- 6. Writers who inform the agent that the book they’re submitting is the first book in a 12 book series they’ve spent the last ten years writing. This reeks of obsession, and agents will make the sign of the cross and back away. Concentrate on the book you’re trying to sell.
There are two kinds of effective query letters. The first type is a good, workmanlike business letter, and it does the job. It's short, to the point, written in dynamic, specific language, with NO errors of any kind -- no typos, punctuation, spelling, grammatical, etc. Remember, letter-perfect!
The other kind of query letter is weird, quirky, but so irresistible and creative that it will capture the attention of an agent even though it's far outside the "accepted" model. This kind of query letter springs from true talent and writing genius, and really can't be taught. I've seen some of them, and they leave me in awe -- and they immediately captured the interest of the agent(s) they were sent to. However, since they can't be classified or taught, I'm going to concentrate today on the first type of query letter.
My suggested "template" for a query letter runs like this:
- 1. First paragraph: introduce your project in a one line description of the book, giving the title and genre. In this paragraph you also should specify the length of the manuscript, in number of words, not number of pages. Make it clear that this is a completed, polished book. Sometimes it can work well to quickly compare the book to another work the agent would recognize. However, instead of announcing that “My book is just like X,” use language such as, “In the tradition of X,” or, “Should appeal to readers of X.”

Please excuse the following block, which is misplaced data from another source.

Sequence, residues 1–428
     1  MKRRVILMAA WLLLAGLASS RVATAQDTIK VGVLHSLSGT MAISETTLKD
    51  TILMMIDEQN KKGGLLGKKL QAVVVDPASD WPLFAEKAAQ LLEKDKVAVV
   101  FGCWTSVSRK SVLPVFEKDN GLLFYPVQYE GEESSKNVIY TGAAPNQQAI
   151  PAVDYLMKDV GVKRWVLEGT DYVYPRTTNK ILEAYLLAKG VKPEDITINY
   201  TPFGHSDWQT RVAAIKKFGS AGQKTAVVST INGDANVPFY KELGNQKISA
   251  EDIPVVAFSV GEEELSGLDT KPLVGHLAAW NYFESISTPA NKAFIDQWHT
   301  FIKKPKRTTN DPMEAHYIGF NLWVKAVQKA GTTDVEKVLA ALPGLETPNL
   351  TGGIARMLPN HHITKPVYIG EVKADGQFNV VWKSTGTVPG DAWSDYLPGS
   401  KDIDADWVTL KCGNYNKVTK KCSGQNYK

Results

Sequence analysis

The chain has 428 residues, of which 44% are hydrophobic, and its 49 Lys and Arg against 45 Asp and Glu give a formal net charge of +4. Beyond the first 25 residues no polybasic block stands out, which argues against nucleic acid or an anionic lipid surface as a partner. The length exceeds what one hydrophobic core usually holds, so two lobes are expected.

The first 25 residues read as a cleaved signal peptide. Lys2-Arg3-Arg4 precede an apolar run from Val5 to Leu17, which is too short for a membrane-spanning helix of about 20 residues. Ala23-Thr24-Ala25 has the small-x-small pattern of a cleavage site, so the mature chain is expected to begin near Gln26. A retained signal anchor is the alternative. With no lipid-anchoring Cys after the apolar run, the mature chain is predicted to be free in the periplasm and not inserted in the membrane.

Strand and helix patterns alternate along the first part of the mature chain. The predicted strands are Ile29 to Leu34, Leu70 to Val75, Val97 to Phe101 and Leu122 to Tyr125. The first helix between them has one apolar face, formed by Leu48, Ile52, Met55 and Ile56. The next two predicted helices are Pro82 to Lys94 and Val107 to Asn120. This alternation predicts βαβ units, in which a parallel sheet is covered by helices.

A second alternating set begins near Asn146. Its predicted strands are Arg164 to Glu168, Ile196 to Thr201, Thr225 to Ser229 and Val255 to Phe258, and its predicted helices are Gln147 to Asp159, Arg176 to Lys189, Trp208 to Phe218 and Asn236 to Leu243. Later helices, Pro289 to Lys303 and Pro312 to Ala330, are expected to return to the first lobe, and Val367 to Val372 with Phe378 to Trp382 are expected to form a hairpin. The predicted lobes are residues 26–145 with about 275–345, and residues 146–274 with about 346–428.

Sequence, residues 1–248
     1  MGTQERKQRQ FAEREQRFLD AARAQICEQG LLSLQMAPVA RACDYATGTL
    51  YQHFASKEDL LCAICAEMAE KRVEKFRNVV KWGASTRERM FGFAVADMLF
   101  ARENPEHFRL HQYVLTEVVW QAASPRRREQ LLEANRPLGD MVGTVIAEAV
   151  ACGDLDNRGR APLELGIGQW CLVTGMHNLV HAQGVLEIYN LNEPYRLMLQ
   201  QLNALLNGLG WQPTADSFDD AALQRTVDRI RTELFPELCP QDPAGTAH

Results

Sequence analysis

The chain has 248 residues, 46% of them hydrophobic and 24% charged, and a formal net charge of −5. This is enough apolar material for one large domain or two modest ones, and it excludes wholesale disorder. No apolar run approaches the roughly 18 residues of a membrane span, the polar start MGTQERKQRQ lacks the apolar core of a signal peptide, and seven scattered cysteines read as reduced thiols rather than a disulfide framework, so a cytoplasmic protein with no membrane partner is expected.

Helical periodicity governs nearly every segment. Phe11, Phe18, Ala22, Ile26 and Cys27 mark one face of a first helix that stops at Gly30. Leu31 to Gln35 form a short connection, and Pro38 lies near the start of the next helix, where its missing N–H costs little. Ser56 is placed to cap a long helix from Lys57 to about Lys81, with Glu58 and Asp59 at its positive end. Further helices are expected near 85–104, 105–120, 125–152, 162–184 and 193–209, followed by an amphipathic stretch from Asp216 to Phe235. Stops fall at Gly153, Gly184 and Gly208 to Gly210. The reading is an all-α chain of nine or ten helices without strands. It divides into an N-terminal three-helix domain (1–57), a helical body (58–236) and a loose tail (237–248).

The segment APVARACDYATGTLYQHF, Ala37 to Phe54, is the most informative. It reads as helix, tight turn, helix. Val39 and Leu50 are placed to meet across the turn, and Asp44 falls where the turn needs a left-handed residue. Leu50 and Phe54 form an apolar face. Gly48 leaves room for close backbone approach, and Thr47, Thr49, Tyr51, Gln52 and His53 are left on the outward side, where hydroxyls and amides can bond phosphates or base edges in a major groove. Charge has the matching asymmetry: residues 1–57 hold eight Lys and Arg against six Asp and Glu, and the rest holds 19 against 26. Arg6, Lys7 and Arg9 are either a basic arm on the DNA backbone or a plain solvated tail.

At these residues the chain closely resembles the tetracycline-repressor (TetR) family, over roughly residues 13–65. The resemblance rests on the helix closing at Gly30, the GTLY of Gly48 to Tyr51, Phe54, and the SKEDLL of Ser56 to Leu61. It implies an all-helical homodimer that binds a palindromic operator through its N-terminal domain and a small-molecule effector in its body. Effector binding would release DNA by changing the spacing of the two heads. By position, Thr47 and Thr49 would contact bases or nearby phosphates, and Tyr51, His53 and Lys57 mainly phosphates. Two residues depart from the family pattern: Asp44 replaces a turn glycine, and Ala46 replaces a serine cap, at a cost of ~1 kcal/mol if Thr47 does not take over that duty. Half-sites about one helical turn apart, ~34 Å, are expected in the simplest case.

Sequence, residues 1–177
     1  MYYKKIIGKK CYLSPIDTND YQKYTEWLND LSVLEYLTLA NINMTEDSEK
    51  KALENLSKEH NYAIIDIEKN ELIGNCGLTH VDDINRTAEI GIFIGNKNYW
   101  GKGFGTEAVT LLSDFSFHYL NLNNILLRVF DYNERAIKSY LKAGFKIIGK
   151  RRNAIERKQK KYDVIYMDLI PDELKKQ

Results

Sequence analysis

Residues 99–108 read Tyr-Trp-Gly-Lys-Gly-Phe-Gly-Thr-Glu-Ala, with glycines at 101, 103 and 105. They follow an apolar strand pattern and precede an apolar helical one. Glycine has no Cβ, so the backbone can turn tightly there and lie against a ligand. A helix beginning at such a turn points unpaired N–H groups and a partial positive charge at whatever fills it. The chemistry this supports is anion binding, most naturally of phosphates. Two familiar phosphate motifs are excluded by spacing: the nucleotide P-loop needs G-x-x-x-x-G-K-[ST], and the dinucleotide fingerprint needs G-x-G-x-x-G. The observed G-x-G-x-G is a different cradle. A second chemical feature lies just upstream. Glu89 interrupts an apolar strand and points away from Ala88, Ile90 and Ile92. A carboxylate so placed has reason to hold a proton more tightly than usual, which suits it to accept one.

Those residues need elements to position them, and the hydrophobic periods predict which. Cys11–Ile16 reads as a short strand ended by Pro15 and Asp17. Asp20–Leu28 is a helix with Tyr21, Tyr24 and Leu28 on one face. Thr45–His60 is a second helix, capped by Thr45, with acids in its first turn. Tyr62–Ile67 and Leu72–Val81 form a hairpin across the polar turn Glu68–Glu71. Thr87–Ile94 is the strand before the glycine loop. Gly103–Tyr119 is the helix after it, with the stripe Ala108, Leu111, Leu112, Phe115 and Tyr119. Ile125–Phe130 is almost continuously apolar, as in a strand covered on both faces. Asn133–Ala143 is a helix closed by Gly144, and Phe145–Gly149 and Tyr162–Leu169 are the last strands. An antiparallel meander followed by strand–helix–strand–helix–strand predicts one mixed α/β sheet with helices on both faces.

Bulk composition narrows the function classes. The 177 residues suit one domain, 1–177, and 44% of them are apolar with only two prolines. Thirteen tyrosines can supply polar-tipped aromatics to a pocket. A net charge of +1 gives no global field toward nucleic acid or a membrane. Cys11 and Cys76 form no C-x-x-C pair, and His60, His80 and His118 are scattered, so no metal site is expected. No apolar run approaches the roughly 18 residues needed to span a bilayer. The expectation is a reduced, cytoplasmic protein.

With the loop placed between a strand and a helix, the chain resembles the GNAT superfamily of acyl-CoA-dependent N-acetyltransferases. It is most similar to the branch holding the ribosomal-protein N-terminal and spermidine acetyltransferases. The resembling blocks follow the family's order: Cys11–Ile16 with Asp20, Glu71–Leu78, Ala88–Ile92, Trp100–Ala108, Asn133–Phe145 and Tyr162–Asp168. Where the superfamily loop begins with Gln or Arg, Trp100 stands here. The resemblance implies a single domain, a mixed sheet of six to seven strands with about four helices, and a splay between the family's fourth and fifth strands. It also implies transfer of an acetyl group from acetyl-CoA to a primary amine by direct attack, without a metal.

Your language in writing a query letter is very important. It must be smooth, flowing, and persuasive, without telling the agent what to think, or engaging in hyperbole. That one-line description of the work is often a make-or-break. In the writing business we sometimes refer to the one-line description as “the elevator pitch.” This term comes from Hollywood, and is based on the idea that writers should be able to summarize their books in one arresting, unforgettable line that will capture the attention of a producer or agent – while taking no more time than would be required for an elevator ride.
(An example of a one-line description that actually sold a book to an editor occurred to me while I was waiting in line to get into a restaurant at a World S.F. Convention in Los Angeles in 1984. Harriet MacDougal, a Tor editor who’d acquired a previous collaboration from Andre Norton and me, was standing in line just in front of me, while waiting to get into the café for breakfast. After we exchanged greetings, Harriet asked me what I was currently working on, and I replied, "Andre and I are writing Witch World: The Next Generation." Harriet promptly told me to send her a chapter or so when I got home, which I did. She put it under contract.)